Connie Baird-Thomas, Ph.D.
Dr. Connie Baird-Thomas is the Associate Director of the Social Science Center for Policy Studies and Director of the Mississippi Health Policy Research Center (MHPRC), Mississippi’s only research center devoted to health policy issues. Through the MHPRC, health and health services data are provided to a number of stakeholders including state agencies, advocacy groups and political officials.
In the area of program evaluation, Dr. Baird-Thomas led the evaluation of a statewide effort to reduce health disparities among minorities. She also has served as the lead Investigator for the assessment of other statewide programs including the school nurse component of the Mississippi Tobacco Pilot Program and Mississippi’s Drug Free Schools and Community Program. Other activities for which she was the lead investigator include, a feasibility assessment of implementing the Nurse-Family Partnership Program in Mississippi and the Evaluation of the Mississippi Disaster Case Management Pilot Program.
Dr. Baird-Thomas’s research has been funded by the Mississippi Department of Public Safety Planning, the Mississippi State Department of Health and the Office of Rural Health Policy (HRSA). Her work has been published in the Journal of Adolescent Health, Sexually Transmitted Diseases, International Journal of Crime, Criminal Justice and the Law, and Criminal Justice and Behavior.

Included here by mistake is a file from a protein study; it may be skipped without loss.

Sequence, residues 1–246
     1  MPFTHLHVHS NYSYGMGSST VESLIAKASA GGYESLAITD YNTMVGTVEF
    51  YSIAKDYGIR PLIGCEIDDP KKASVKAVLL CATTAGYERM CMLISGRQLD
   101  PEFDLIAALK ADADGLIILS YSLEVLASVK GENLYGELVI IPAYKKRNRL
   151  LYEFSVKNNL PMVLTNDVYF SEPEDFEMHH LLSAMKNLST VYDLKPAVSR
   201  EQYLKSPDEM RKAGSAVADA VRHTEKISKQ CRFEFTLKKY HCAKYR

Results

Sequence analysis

Angela Robertson, Ph.D.
Dr. Angela Roberton is the Associate Director and Research Professor at the Social Science Research Center at Mississippi State University.
Since 1994, Dr. Robertson has been conducting multi-site and longitudinal research on behavioral health issues among substance abusing and offender populations. The Mississippi Department of Public Safety and the National Institute on Drug Abuse (NIDA) has funded research on the prevalence of sexually transmitted infections and HIV risk behaviors among juvenile detainees, mental health treatment and social service needs of incarcerated youth, conditions of confinement in Mississippi juvenile detention facilities, and behavioral interventions to reduce drug use and HIV risk behaviors among juvenile offenders.
Dr. Robertson collaborates with state juvenile justice agencies to collect, analyze, and report information on juvenile crime and the processing of youth by the juvenile justice system. Her analyses and reports have been instrumental in assisting in monitoring compliance with federal Office of Juvenile Justice and Delinquency Prevention mandates. Dr. Robertson is also involved in a NIDA-funded collaborative research program with five other universities designed to implement evidence-based substance abuse and HIV prevention and treatment programs for youth involved in the juvenile justice system.
Before coming to Mississippi State University, Dr. Robertson worked in community mental health and substance abuse treatment for 16 years. She developed and directed the ARK, the first state funded residential substance abuse treatment program for adolescents in Mississippi.